Primary Sources


Welcome to St. Mary's College of California's Research Guide to Primary Sources!

This guide will help you understand what exactly primary sources are, how to locate primary sources, how to use primary sources in your writing, and how to cite primary sources. Bookmark this page and refer back to it while working on your research.

While this guide is extensive, you may have additional questions. At any time, reach out to the Librarians for help.

What are Primary Sources?

Primary sources are produced by participants or direct observers of an issue, event, or time period. These sources may be recorded during the event or later on, by a participant reflecting upon the event. In some cases, it will be difficult to obtain the original source, so you may have to rely on copies (photocopies, microfilm, digital copies). Copies or transcriptions of a primary source still count as a primary source.  

Some examples of primary sources include:

  • Newspapers
  • Speeches
  • Government documents
  • Legal documents
  • Personal materials, including letters, diaries, interviews, memoirs, autobiographies, and oral histories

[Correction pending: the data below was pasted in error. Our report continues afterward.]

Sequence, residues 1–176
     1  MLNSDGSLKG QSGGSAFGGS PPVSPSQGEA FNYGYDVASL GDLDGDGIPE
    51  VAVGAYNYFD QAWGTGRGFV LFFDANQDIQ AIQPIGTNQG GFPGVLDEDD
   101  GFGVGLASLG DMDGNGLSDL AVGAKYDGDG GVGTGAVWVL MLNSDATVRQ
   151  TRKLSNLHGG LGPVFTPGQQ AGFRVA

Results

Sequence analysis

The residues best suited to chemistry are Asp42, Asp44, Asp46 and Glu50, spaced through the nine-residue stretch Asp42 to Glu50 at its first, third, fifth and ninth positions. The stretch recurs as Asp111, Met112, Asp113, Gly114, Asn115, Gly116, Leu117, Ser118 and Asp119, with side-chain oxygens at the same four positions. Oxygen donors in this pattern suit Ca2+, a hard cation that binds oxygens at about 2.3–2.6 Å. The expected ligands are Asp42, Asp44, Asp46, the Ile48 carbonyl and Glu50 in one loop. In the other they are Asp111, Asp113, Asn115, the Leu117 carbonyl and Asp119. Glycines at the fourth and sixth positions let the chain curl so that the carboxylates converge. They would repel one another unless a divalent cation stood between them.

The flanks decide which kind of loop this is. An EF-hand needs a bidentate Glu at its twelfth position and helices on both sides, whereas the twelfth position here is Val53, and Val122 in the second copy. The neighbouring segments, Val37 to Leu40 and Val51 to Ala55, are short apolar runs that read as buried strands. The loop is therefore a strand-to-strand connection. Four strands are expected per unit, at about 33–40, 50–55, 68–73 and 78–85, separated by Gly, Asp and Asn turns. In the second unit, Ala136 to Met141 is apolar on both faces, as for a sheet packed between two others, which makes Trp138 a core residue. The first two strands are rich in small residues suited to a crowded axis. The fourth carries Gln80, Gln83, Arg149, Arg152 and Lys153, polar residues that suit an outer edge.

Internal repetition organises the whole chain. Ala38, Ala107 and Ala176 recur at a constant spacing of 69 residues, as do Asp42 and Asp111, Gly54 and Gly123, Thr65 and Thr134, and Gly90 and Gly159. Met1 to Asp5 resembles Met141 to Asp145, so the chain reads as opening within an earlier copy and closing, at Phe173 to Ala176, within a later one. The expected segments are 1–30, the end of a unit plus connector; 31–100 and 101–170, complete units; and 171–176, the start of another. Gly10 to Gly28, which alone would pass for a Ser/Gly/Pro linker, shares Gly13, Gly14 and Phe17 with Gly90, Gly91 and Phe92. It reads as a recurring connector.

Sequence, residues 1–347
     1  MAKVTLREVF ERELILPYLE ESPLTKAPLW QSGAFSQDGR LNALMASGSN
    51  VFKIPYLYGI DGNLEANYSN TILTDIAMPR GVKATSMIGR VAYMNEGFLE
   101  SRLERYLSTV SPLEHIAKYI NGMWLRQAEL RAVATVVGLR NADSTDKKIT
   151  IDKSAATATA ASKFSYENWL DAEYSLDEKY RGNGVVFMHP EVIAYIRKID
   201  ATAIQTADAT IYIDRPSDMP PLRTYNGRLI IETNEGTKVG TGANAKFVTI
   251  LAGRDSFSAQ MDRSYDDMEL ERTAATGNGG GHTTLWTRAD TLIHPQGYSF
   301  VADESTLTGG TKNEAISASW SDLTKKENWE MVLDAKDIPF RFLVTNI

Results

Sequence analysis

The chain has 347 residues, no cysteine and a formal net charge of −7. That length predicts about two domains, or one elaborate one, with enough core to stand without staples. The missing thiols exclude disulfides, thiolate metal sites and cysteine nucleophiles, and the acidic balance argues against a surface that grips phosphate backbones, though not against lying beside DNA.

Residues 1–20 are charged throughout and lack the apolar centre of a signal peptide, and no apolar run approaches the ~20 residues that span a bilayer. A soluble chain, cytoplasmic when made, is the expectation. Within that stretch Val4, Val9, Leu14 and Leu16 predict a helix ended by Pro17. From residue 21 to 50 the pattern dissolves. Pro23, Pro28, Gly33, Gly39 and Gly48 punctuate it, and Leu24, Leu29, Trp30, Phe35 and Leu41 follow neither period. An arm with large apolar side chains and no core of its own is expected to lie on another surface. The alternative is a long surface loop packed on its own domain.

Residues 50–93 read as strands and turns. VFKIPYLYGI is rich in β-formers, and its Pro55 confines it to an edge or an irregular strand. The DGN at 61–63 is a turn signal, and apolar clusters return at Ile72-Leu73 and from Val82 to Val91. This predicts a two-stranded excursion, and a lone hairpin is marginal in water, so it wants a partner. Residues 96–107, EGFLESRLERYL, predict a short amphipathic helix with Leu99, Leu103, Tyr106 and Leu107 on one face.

• Images
  • Works of art (novels, plays, paintings, etc.)


For more information about primary sources visit the University of California Irvine Library's tutorial.

Secondary and Reference Sources

Secondary Sources

Secondary sources are be journal articles, magazine articles, or books written later on about your event or period by a historian. Secondary sources interpret, assign value to, conjecture upon, and draw conclusions about the events reported in primary sources. These are usually in the form of published works such as journal articles or books, but may include radio or television documentaries, or conference proceedings.

Reference Sources

Reference sources help you first get background information on your topic. Typically, reference sources would not be considered scholarly or academic sources.

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